In 2009, Google-the world's first $100 billion brand-was ranked by Fortune magazine as the best place to work in the US. Despite its huge success, the company's leaders manage to retain the same working structure it had as a startup: teams of people collaborating on projects and working toward a common goal. This model has turned out to be a breeding ground for motivation, as well as innovation.
Avoid the strict hierarchy. Google founders Larry Page and Sergey Brin have deliberately steered clear of the traditional 1980s corporate culture of greed, dissatisfied employees and extreme control. Rather than discourage individual diversity, they encourage it, along a completely flexible working style.
In addition to solid external benefits such as free health and dental benefits, tuition reimbursement, flex spending accounts, 401K plans, and vacation packages, the company provides numerous perks that speak to the whole person. These include on-site gourmet lunch and dinner, all-day free snacks, fitness centers, on-sit massage, haircuts, carwashes, dry cleaning, and laundry rooms, and buses that bring employees in from San Francisco. People also bring their pets to work, and dress however they wish.
The company also offers maternity benefits of up to 18 weeks off at approximately 100 percent pay, reimbursement of up to $5,000 towards legal expenses for child adoption, and reimbursement of up to $5,000 for buying a hybrid car.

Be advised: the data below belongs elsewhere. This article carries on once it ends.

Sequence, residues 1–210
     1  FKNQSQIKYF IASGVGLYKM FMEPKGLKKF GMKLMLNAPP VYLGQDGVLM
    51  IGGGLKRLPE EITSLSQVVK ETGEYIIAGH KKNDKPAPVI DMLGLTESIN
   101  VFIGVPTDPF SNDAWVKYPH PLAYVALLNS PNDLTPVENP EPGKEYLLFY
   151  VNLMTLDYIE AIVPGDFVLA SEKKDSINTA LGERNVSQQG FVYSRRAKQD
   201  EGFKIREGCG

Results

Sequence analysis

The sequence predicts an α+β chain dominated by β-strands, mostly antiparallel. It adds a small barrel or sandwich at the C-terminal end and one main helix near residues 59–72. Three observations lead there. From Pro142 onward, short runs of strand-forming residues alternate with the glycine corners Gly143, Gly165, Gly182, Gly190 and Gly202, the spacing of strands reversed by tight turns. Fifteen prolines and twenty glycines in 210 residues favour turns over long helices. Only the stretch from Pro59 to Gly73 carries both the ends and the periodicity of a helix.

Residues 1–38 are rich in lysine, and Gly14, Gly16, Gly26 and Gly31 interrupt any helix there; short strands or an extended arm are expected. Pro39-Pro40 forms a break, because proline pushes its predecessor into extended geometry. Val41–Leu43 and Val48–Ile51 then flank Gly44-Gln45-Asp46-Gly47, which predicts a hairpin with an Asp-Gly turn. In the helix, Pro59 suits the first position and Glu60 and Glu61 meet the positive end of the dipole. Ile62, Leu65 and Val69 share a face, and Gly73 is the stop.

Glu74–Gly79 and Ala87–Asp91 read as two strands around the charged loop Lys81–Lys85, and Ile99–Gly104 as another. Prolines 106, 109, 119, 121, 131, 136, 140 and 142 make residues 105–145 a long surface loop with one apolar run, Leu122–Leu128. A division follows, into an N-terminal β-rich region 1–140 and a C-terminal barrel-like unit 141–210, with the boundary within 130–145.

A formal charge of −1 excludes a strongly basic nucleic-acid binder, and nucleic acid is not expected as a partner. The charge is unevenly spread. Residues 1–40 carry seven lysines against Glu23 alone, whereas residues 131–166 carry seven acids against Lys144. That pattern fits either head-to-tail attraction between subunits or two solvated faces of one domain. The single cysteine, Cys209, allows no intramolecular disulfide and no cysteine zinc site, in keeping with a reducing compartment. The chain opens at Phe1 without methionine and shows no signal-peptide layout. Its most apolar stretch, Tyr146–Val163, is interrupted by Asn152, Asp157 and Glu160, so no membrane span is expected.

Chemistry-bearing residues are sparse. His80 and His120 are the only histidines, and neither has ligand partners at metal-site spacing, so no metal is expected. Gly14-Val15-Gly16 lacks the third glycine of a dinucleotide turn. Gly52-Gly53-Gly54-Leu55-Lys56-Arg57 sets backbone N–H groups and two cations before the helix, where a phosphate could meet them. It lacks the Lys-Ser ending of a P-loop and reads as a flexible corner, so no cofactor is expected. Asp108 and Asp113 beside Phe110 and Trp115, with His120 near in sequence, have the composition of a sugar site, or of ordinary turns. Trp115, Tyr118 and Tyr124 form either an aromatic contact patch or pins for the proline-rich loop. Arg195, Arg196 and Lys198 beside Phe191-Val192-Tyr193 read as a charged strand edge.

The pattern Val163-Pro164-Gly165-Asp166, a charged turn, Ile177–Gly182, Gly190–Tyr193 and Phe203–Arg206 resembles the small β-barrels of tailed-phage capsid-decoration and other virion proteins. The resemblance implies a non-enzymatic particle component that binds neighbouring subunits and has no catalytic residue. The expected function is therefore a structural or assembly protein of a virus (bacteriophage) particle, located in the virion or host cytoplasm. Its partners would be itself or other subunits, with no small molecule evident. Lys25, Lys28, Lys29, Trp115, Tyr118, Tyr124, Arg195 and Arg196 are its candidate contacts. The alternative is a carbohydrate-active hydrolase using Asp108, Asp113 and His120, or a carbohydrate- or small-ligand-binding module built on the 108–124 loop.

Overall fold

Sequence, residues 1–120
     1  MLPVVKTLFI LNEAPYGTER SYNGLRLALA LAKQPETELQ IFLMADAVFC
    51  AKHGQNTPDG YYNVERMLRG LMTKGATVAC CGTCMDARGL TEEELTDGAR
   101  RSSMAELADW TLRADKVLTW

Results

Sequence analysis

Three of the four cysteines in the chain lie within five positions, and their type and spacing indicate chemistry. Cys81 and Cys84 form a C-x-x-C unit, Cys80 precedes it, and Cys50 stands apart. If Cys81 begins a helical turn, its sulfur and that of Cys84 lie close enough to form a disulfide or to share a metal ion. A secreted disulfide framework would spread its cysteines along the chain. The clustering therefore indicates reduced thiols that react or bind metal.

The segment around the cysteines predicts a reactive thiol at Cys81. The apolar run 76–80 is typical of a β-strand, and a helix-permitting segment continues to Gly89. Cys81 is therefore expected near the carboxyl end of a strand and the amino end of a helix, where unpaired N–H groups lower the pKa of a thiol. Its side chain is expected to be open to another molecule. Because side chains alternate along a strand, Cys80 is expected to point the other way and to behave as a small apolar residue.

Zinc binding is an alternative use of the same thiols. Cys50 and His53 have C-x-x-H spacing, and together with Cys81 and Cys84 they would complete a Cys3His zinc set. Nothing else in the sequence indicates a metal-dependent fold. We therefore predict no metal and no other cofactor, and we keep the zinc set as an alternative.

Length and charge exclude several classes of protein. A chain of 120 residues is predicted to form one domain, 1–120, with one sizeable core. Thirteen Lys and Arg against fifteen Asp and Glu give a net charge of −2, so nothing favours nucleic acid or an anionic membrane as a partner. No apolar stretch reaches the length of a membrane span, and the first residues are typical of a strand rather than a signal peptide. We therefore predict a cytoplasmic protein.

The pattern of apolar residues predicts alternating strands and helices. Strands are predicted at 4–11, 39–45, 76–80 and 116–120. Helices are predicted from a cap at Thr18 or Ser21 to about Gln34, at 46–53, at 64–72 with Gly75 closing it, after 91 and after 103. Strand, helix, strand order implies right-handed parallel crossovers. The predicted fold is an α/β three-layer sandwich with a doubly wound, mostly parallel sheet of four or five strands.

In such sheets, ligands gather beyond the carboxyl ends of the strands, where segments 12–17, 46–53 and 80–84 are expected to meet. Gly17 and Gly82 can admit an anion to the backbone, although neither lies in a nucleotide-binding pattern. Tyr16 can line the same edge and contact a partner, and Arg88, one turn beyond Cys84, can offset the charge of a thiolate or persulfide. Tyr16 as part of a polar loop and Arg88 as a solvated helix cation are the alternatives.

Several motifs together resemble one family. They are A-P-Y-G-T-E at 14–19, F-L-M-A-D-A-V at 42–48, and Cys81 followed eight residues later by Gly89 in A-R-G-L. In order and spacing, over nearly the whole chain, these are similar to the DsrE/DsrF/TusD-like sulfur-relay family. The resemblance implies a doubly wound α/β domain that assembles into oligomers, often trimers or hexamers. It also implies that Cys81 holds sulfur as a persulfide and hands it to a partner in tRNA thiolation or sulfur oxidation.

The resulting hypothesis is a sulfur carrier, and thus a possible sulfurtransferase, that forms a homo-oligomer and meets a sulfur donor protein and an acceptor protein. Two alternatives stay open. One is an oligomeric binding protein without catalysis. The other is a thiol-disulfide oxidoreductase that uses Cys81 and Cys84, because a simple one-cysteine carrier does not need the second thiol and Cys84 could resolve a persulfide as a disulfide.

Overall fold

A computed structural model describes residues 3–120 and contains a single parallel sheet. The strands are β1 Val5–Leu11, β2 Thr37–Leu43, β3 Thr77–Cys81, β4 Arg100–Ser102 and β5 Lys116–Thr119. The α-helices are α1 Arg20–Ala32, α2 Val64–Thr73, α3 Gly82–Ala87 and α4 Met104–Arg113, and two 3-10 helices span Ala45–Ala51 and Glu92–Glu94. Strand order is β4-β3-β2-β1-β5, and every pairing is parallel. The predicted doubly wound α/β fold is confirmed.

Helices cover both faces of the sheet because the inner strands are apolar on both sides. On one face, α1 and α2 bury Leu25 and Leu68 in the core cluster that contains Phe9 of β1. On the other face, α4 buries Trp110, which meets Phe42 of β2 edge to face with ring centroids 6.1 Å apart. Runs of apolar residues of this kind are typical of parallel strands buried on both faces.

But Google's best move, in terms of increasing employee motivation-and employee productivity and innovation-was to offer the intangible but crucial rewards of:
No obvious hierarchy
Small, independent work groups overseen by a committee or project manager
Plenty of time and resources to explore new, creative ideas
Complete commitment to innovation
Encouragement for employees to spend up to 20 percent of their work time on their own projects
A purposeful culture with clear-cut goals and mission regarding how the company affects the outer world
Peer-to-peer feedback, instead of manager-to-peer feedback
This innovative structure does more than help the company hold onto its original entrepreneurial culture. It's also highly motivating, giving employees all the freedom they need to come up with workable, innovative ideas to expand Google even further.
In 2008, Google, Inc. saw nearly $210,000 in profit per employee-more than any of the other large technology companies, including Microsoft, Intel and Apple. The company has grasped the reality that highly motivated, highly capable workers who have a common vision don't need to be micro-managed. They simply need the time, resources and permission to innovate and produce to the best of their ability.
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When it comes to motivating employees, external financial rewards are now only part of the equation. Employees need regular personal and team recognition for a job well done, and the support of bosses who actually listen to their problems and ideas.
They need job duties that encourage their personal growth and career development. Whenever possible, they need to work in an open, self-directed, independent way. And they need to feel that they are contributing to a larger organizational mission-a shared vision.
The resulting increase in job satisfaction and inner motivation can greatly improve morale, retention rates, productivity-and the bottom line.
Your company's profitability is largely based on employee innovation, problem-solving, productivity, commitment and loyalty. Finding the motivational methods that work best for your employees is vital for ensuring that your company's most important resource fulfills its greatest potential.